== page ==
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Tbilisi taking faith away from Armenians2011-09-07 22:27
Armenia and Georgia's complicated relations have long gone beyond common politics. Distortion of historical facts and information about the autonomies in the Georgian territory, as well as the destruction of Armenian cultural monuments make it hard to come to an understanding even at the highest, spiritual level. Yerevan is often accused of unwillingness to find a compromise with Baku and Tbilisi. But how can you make a step towards somebody turning his back on you?
Yerevan is evidently not very lucky to have such neighbours. A diplomatic blockade with Turkey and Azerbaijan because of Nagorny Karabakh, as well as restriction of the economic cooperation between Armenia and Russia on the part of Georgia, which is craftily using its geographic position to advantage, makes Armenian government conduct a very prudent policy. After the Georgian Cabinet approved of transferring 100 percent of the Georgian Railways' stock to Parkfield Investment British Company for 89 years, it became clear that Mikhail Saakashvili's smiles addressed at Serge Sargsyan imply certain danger. The British investor plans to invest about one billion dollars in the project in the next ten years, while Azerbaijan has transferred 40 million dollars to Georgia for the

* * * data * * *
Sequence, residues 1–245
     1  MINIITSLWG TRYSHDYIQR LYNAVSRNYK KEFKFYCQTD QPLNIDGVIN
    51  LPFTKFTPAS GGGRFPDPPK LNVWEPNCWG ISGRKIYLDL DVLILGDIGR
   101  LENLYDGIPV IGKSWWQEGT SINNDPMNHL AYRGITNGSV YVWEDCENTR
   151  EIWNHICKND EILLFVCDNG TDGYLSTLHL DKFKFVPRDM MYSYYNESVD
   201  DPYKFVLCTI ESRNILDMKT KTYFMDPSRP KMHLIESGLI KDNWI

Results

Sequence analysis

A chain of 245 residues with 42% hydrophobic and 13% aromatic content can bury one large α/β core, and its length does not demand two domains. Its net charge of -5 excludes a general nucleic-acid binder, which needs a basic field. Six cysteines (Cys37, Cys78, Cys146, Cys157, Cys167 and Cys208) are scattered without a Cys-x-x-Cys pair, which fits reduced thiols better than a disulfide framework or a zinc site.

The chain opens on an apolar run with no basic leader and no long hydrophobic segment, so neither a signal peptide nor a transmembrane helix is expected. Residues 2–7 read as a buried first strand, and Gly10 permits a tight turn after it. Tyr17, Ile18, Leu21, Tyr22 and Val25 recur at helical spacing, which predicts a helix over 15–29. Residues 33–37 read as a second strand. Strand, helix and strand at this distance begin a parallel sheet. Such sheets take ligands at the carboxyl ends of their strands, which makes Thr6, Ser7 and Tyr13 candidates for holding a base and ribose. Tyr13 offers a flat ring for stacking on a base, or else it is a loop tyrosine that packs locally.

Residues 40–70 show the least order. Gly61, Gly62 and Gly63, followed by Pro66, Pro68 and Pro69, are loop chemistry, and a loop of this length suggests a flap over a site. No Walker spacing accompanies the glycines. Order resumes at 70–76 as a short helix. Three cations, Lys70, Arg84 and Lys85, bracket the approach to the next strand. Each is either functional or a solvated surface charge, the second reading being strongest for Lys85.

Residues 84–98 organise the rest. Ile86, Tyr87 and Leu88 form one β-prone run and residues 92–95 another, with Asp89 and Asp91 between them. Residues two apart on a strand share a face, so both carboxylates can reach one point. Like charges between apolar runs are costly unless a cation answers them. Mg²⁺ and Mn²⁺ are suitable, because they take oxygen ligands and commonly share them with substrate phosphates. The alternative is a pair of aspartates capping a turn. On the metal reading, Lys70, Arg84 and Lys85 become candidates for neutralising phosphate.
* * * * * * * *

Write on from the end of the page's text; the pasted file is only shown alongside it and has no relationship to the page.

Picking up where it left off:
construction of Baku-Tbilisi-Kars railway. Thus, the Georgian leader in every way encourages a union of Ankara and Baku.
Azerbaijan's excessive activity in the project that has been practically ruined since the times of the Soviet Union means that Baku will spare no money to have a reliable transportation channel with Turkey bypassing Armenia. What is Georgia's role here? Firstly, this is another chance to spite Russia, for Tbilisi is surely angry about Yerevan's pro-Russian position and a military base in Gumri. Secondly, the domestic situation in Javakh, which is running high, makes Saakashvili hastily look for a way out, though he is unable to invent anything but some unpopular decisions aimed to increase pressure upon the residents of the autonomy.
Professor at Sukhum State University Guram Markhulia, an adherent of the so called government-in-exile, volunteered to help Mikhail Nikolozovich in his "lofty goal". He became another link in the chain of Tbilisi's anti-Armenian policy. Not so long ago, Catholicos Garegin the Second paid a visit to Georgia and had to admit that the atmosphere of the Georgian Orthodox Church's intolerance to other confessions made him exceedingly sad. And what can be said about a "professor" if the limits of intolerance spread beyond political limits, getting to the level of religion?
By the way, he prefers to stick to the "heretic" position of the Georgian Orthodox Church. "There are no Armenian churches in Georgia and no Georgian will ever enter an Armenian church... Armenians never pray in churches; for them, it is a place to meet and discuss things", - this original statement belongs to Mr. Markhulia who gave an interview to an Azerbaijani media outlet. That is the way he commented upon the fact of vandalism in an Armenian monastery in Tbilisi, where two young drunk Georgians have recently profaned a church book lying on the altar.
Guram Markhulia seems to be unembarrassed by the fact that Armenian non-government organizations are trying to have the Georgian authorities hand over cultural architectural monuments, including churches, to the official Yerevan. Meanwhile, according to a reference map issued in 1995, there are about 50 Armenian temples in the Georgian territory, 26 of them being located in Tbilisi. But only two are functional; the rest have been turned to ruins or transformed into Georgian churches.